The Durham University PhD student has also said he faced sleepless nights, PTSD and was reliant on a cocktail of drugs that were fed to him in jail. 

According to court documents, Mr Hedges is expecting to recover between £200,000 and £350,000 in damages.

The UAE has previously said Hedges had not been subjected to any physical or psychological mistreatment during his detention.

Inspector General in the Ministry of the Interior, Major General Ahmed Naser Ahmed Alrais Al-Raisi

The commander in chief of the emirate's police force, Major General Mohammed Khalfan Al Rumaithi

Mr Hedges is claiming damages against four UAE officials, including Major General Ahmed Naser Ahmed Alrais Al-Raisi (left) and the commander in chief of the emirate’s police force, Major General Mohammed Khalfan Al Rumaithi (right)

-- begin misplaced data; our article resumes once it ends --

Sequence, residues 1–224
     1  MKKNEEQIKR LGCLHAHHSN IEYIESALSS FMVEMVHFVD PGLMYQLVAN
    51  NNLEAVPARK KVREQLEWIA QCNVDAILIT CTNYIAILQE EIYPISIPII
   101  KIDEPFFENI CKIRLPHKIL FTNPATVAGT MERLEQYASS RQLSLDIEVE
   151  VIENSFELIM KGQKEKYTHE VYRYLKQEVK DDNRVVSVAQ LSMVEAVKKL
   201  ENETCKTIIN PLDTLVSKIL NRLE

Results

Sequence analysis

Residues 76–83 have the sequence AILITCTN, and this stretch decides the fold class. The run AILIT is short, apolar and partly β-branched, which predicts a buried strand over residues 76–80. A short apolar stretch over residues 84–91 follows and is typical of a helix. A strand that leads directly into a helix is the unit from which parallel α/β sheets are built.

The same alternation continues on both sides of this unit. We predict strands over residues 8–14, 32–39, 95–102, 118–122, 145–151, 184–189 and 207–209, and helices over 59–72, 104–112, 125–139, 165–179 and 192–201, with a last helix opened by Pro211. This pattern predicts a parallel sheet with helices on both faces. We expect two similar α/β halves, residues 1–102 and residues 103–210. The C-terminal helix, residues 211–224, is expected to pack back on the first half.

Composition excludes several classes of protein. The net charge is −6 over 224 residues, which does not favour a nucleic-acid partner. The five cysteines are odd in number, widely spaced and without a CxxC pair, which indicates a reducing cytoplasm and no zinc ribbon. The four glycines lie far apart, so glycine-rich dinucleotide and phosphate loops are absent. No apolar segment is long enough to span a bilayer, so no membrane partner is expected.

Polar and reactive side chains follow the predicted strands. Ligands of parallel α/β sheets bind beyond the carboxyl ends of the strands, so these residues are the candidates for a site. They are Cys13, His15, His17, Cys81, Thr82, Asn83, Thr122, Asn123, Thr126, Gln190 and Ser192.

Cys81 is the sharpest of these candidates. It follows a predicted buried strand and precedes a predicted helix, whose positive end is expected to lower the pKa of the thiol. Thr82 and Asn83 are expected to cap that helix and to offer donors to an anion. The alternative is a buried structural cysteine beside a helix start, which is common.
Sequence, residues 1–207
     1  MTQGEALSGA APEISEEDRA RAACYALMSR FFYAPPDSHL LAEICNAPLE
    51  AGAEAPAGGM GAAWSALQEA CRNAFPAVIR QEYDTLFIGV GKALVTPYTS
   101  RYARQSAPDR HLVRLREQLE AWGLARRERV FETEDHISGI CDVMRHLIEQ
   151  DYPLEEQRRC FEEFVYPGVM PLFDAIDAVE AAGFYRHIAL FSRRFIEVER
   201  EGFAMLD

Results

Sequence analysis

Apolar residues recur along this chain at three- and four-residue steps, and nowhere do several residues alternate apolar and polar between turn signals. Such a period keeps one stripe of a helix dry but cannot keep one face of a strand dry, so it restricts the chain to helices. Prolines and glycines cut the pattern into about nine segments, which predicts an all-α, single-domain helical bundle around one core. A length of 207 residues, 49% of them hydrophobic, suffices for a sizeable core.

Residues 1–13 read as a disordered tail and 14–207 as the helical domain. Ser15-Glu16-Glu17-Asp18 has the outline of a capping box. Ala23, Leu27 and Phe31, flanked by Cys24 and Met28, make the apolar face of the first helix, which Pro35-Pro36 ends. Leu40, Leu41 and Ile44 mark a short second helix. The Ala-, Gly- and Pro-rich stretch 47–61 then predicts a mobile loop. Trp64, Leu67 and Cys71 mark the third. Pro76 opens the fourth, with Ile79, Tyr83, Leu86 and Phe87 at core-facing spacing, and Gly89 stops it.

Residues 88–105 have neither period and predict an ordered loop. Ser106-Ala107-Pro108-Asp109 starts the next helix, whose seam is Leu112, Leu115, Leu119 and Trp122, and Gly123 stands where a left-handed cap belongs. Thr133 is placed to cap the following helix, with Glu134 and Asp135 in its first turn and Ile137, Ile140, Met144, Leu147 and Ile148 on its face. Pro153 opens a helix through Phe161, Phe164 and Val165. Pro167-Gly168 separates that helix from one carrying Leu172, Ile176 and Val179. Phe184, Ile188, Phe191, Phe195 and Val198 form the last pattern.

In another complaint, lawyers for the Gulf Centre for Human Rights accuse the Emirati general of ‘acts of torture and barbarism’ committed against government critic Ahmed Mansoor.

Mansoor has been detained since 2017 in a four-square-metre (43-square-foot) cell ‘without a mattress or protection against the cold’ and ‘without access to a doctor, hygiene, water and sanitary facilities’, the lawyers said.

These complaints have not resulted in any formal proceedings against Al-Raisi.

Interpol Secretary General Jurgen Stock, who handles day-to-day management of the organisation, told journalists he was ‘aware of these accusations, which are currently an issue between the parties involved’.

‘It will be on Thursday the role of the member countries of Interpol to decide’ on whether Raisi should get the role, said Stock, who was given a second five-year term in 2019.